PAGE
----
|Thus Was Adonis Murdered|
Date: 01 June, 1994 — $5.99 — Book
There are times when I am reminded very strongly of the phrase that "England and America are two countries divided by a common language." Not that this book has any of those Britishism that Americans find so impenetrable, but that the customs, in some ways, are so incredibly different.
I am specifically referring to the covey of lawyers that is at the heart of the book. I'm not sure they're actually called lawyers over there, but I do know that they are not, very specifically, solicitors, which is what we think of when we think of lawyers who work in court for the prosecution or defense. I do know that they get into their robes and wigs— that's right, white wigs— before going to court.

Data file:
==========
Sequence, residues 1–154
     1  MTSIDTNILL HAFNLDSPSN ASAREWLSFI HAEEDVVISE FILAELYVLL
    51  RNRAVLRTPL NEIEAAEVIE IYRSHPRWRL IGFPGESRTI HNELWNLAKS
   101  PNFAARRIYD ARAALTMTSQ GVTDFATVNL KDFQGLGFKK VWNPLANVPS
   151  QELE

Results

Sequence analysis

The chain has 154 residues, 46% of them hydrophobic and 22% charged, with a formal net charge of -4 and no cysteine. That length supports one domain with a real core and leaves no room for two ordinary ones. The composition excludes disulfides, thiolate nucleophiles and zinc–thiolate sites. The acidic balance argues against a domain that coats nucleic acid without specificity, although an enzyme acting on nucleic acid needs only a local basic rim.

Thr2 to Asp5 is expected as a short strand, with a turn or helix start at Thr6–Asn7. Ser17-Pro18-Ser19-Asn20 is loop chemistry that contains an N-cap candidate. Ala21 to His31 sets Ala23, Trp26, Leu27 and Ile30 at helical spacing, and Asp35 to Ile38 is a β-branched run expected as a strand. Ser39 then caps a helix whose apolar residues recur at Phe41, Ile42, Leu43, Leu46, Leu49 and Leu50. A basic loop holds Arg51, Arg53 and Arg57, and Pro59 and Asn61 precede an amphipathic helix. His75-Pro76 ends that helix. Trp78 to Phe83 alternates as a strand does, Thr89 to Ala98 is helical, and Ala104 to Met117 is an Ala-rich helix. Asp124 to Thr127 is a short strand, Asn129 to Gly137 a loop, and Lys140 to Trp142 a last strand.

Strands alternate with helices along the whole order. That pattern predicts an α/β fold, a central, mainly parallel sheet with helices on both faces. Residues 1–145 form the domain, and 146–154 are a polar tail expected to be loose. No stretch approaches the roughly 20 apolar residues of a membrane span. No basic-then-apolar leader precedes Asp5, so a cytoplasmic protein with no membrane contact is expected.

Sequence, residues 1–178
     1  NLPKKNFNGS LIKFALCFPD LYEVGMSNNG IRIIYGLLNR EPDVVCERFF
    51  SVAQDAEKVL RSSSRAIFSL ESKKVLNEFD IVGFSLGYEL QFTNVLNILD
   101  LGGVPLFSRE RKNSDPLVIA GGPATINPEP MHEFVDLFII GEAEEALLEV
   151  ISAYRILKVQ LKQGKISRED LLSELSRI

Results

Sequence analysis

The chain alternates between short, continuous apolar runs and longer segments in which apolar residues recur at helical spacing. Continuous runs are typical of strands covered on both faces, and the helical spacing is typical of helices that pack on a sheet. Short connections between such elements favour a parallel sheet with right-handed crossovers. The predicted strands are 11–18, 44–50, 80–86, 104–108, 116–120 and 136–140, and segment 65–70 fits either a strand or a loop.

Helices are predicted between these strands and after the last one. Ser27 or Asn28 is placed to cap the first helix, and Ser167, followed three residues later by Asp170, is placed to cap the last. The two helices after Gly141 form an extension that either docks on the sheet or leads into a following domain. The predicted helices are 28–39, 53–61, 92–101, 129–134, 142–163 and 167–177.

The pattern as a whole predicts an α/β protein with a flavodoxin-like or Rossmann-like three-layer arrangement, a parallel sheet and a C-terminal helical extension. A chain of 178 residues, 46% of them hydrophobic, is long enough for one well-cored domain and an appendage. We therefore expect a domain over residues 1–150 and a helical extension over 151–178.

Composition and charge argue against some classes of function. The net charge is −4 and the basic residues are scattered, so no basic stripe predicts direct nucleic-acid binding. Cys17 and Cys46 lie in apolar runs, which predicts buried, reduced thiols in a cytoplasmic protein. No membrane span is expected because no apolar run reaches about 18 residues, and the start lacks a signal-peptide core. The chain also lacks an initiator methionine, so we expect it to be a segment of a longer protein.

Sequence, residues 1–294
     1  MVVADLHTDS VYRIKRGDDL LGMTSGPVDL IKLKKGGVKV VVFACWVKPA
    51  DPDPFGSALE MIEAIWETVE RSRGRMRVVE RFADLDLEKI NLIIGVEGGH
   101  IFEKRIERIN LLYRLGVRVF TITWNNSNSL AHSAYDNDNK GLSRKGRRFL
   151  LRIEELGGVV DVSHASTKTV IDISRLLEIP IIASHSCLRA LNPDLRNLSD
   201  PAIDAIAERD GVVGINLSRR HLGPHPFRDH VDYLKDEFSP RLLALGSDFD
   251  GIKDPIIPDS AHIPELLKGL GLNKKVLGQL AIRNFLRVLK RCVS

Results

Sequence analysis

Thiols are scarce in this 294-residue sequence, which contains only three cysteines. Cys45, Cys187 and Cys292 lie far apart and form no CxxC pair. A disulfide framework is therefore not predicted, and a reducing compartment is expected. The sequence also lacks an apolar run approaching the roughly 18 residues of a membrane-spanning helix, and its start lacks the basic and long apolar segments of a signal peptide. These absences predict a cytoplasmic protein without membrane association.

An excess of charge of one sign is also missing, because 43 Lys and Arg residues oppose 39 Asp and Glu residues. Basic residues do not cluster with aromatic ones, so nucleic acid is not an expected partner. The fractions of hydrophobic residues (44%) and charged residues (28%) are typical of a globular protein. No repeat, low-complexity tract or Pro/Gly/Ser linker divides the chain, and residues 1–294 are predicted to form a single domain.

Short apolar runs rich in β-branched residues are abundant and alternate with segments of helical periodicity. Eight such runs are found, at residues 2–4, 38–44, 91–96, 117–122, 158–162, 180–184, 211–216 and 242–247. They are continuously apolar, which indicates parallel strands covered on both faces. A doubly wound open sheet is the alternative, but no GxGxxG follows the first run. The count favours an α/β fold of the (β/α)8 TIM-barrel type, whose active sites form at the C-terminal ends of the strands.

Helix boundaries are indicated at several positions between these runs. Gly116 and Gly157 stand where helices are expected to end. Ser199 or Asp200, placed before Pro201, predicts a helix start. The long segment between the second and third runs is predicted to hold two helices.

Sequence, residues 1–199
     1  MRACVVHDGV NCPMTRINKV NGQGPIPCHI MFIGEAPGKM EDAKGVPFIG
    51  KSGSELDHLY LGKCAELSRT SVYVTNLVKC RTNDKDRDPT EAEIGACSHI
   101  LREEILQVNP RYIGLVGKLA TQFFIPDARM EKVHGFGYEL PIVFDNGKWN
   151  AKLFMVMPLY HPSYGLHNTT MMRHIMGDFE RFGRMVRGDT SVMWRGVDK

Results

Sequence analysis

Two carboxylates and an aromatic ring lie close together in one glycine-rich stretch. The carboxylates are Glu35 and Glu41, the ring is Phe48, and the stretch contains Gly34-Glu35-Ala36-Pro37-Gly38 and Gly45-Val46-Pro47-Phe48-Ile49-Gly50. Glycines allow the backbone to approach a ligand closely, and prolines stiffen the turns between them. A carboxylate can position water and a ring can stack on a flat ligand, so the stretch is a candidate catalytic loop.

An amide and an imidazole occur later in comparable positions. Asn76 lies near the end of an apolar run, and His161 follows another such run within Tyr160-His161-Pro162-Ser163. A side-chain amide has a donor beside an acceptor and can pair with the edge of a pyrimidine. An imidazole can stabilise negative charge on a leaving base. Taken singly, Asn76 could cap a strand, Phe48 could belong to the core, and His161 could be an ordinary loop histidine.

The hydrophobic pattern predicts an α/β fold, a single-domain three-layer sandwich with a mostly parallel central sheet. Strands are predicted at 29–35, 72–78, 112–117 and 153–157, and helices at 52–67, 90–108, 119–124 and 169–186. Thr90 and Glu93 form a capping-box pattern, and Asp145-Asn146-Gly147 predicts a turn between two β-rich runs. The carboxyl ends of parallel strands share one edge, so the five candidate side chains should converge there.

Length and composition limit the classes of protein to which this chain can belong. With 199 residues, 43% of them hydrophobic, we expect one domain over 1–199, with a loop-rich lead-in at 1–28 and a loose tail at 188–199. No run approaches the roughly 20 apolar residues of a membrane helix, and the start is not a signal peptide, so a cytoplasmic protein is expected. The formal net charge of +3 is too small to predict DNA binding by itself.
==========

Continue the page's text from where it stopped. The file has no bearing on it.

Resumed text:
That seems strange to me.
At any rate, we are introduced to this young group by Professor Hilary Tamar, an Oxford scholar of indeterminate gender who pretends to greater scholarship than is displayed. (As the book is written in the first person, the high-flown psuedo-modesty is quite amusing in face of the contrary evidence.) Professor Tamar is, however, the brains of the brainless (though intelligent) bunch, and when scatter-brained Julia is held for murder in Italy, Tamar must figure out what really happened, and from a distance.
Not that they'll give any credit to the long-suffering Scholar...
Quite amusing if you are used to pulling subtext out of your reading. If you have a tendency to take your fiction at face value, you'll miss a lot of the irony of the descriptions and characterizations.